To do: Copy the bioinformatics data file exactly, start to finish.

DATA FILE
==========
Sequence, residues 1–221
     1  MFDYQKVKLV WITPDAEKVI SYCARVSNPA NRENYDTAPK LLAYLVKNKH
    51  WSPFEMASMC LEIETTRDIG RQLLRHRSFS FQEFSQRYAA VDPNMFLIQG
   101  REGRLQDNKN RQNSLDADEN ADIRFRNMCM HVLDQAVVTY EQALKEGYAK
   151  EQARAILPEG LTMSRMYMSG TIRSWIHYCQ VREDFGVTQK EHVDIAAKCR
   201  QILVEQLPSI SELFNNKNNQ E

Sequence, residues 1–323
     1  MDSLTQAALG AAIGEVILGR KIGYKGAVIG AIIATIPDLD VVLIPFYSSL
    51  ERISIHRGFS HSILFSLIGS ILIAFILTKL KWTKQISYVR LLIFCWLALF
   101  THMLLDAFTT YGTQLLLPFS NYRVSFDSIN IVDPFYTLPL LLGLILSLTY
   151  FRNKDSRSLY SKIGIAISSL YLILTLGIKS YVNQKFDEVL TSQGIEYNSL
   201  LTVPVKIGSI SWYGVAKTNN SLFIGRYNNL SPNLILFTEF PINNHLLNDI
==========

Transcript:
Sequence, residues 1–221
     1  MFDYQKVKLV WITPDAEKVI SYCARVSNPA NRENYDTAPK LLAYLVKNKH
    51  WSPFEMASMC LEIETTRDIG RQLLRHRSFS FQEFSQRYAA VDPNMFLIQG
   101  REGRLQDNKN RQNSLDADEN ADIRFRNMCM HVLDQAVVTY EQALKEGYAK
   151  EQARAILPEG LTMSRMYMSG TIRSWIHYCQ VREDFGVTQK EHVDIAAKCR
   201  QILVEQLPSI SELFNNKNNQ E

Sequence, residues 1–323
     1  MDSLTQAALG AAIGEVILGR KIGYKGAVIG AIIATIPDLD VVLIPFYSSL
    51  ERISIHRGFS HSILFSLIGS ILIAFILTKL KWTKQISYVR LLIFCWLALF
   101  THMLLDAFTT YGTQLLLPFS NYRVSFDSIN IVDPFYTLPL LLGLILSLTY
   151  FRNKDSRSLY SKIGIAISSL YLILTLGIKS YVNQKFDEVL TSQGIEYNSL
   201  LTVPVKIGSI SWYGVAKTNN SLFIGRYNNL SPNLILFTEF PINNHLLNDI